# file /var/www/site1
user::rwx
group::r-x
other::r-x
mask::rwx
user:apache:rwx
group:webadmin:rwx
group:httpadmin:rwx

Using action => exact

The exact option for the action parameter will specify the exact set of ACLs guaranteed and enforced by Puppet. ACLs applied to the path which do not match those specified in the permission property will be removed.

Initial permissions

# file /var/www/site1
user::rwx
group::r-x
other::r-x
mask::rwx
group:webadmin:r-x
group:httpadmin:rwx

Specified acls

permission  => [
  'user::rwx',
  'group::r-x',
  'other::r-x',
  'mask::rwx',
  'group:webadmin:r--',
  'user:apache:rwx',
],

Updated permissions

  • group:httpadmin permission is removed
  • user:apache permission is added
  • group:webadmin permission is updated
# file /var/www/site1
user::rwx
group::r-x
other::r-x
mask::rwx
group:webadmin:r--
user:apache:rwx

Using action => unset

The unset option for the action parameter will specify the set of ACLs guaranteed by Puppet to NOT be applied to the path. ACLs applied to the path which match those specified in the permission property will be removed. ACLs applied to the path which do not match those specified in the permission property will remain unchanged.

Initial permissions

# file /var/www/site1
user::rwx
group::r-x
other::r-x
mask::rwx
group:webadmin:r-x
group:httpadmin:rwx

Specified acls

permission  => [
  'user::rwx',
  'group::r-x',
  'other::r-x',
  'mask::rwx',
  'group:webadmin:r--',
  'user:apache:rwx',
],

Updated permissions

# file /var/www/site1
user::rwx
group::r-x
other::r-x
mask::rwx
group:httpadmin:rwx

Using action => purge

The purge option for the action parameter will cause Puppet to remove any file ACLs applied to the path.

NOTE: Although the permission property is unused for this action, it needs to have a valid ACL value for the action to work. This is a known issue.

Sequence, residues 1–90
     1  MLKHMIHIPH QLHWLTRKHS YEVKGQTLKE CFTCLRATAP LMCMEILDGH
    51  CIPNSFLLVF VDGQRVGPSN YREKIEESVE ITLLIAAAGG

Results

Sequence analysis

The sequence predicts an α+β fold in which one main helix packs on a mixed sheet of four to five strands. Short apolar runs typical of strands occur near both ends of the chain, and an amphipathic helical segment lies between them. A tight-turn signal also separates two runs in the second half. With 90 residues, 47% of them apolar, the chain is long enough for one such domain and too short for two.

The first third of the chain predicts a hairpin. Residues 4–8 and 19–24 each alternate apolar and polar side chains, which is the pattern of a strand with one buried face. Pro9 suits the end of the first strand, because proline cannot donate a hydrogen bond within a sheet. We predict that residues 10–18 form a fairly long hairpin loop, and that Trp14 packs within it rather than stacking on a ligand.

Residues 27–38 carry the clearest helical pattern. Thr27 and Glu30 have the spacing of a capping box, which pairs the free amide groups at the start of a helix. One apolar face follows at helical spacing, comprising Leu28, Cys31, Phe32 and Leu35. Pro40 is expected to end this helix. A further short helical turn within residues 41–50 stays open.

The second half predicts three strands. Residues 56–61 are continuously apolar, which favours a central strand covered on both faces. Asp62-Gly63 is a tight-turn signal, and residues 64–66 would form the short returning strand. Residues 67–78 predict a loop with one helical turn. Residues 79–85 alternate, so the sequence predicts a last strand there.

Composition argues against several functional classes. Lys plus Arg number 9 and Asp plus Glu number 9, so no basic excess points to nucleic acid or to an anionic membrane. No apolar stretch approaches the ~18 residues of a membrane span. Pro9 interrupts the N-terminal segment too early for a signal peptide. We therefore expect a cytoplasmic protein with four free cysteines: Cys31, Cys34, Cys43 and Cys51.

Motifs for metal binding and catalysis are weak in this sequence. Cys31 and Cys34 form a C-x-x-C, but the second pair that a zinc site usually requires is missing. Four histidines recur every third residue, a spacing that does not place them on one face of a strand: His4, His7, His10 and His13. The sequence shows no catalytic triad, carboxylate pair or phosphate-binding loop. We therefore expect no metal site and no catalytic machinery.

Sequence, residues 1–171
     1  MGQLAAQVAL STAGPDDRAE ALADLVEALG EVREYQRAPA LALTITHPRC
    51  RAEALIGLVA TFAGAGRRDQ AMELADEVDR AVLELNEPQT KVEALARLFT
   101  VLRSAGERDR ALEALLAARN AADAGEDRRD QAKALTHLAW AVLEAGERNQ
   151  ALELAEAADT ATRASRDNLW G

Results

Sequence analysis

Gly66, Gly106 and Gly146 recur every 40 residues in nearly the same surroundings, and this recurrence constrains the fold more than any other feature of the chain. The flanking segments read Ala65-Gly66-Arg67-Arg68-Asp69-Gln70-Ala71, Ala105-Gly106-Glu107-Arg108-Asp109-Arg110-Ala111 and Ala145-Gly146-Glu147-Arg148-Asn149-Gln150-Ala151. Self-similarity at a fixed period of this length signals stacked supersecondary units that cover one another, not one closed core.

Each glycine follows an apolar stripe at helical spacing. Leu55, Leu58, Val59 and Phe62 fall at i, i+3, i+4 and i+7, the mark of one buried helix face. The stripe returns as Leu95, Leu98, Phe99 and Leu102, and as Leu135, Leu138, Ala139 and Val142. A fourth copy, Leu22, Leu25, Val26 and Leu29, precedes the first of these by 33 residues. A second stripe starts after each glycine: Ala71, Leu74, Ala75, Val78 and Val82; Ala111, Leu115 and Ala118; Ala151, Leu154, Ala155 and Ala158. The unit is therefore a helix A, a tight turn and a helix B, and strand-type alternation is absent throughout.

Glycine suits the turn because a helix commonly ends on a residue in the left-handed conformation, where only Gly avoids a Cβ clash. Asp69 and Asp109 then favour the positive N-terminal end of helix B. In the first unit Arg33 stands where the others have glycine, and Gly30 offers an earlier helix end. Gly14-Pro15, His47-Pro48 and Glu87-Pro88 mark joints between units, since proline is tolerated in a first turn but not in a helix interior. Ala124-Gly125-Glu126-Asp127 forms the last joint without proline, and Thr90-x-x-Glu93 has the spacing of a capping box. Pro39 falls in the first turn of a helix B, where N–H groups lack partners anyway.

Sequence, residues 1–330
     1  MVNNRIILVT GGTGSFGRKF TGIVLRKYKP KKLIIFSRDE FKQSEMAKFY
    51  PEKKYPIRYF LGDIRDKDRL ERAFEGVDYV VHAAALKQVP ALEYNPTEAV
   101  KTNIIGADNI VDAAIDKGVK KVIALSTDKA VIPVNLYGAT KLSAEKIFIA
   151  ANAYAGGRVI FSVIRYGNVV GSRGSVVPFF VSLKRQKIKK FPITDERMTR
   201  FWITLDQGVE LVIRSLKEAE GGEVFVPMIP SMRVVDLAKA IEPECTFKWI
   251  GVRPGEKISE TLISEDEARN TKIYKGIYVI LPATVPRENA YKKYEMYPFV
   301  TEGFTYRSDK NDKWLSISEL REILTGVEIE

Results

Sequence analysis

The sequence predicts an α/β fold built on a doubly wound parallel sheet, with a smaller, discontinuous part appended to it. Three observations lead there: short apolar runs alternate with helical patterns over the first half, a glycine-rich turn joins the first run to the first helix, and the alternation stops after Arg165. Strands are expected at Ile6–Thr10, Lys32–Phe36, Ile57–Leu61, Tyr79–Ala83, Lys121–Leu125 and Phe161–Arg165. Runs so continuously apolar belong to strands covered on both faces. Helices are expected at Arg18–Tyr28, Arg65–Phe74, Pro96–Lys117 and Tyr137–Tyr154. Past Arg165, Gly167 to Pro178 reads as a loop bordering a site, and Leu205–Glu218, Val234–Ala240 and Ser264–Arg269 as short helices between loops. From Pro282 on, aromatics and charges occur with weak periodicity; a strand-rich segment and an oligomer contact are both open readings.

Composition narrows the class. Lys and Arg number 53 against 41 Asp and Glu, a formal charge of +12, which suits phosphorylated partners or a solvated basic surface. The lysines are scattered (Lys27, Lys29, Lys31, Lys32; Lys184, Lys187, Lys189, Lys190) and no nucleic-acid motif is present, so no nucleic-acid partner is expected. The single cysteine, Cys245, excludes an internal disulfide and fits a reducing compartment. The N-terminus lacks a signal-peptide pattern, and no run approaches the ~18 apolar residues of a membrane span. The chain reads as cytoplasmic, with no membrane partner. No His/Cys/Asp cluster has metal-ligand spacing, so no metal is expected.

Initial permissions

# file /var/www/site1
user::rwx
group::r-x
other::r-x
mask::rwx
group:webadmin:r-x
group:httpadmin:rwx

Specified acls

See note above.

permission  => [
  'user::rwx',
  'group::r-x',
  'other::r-x',
  'mask::rwx',
  'group:webadmin:r--',
  'user:apache:rwx',
],

Updated permissions

  • All file ACLs are removed.
# file /var/www/site1
user::rwx
group::r-x
other::r-x

Using ignore_missing

The ignore_missing parameter allows to set the behavior in case the specified path does not exist. It can take these values:

  • false (default): If the path is missing, an Error is raised.
  • notify: If the path is missing, no action is taken, but a notice is shown in the agent output.
  • quiet: If the path is missing, the ACL is silently ignored.

Limitations

Conflicts with "file" resource type:

If the path being modified is managed via the File resource type, the path's mode bits must match the value specified in the permission property of the ACL.

Mask check

The ACL setter doesn't recalculate the rights mask based on the user/group ACLs specified, so it is possible to specify ACLs on a file for which a more restrictive set of rights is enforced, known as "effective rights". For example, with these permission parameters on a file test:

permission  => [
  'user::rw-',
  'group::---',
  'mask::r--',
  'other::---',
  'user:apache:rwx',
  'group:root:r-x',
  'group:admin:rwx',
],

The output of getfacl test reveals a more restrictive set of effective rights, which might not be what was expected:

# file: test
# owner: root
# group: root
user::rw-
group::---
other::---
mask::r--
user:apache:rwx                 #effective:r--
group:root:r-x                  #effective:r--
group:admin:rwx                 #effective:r--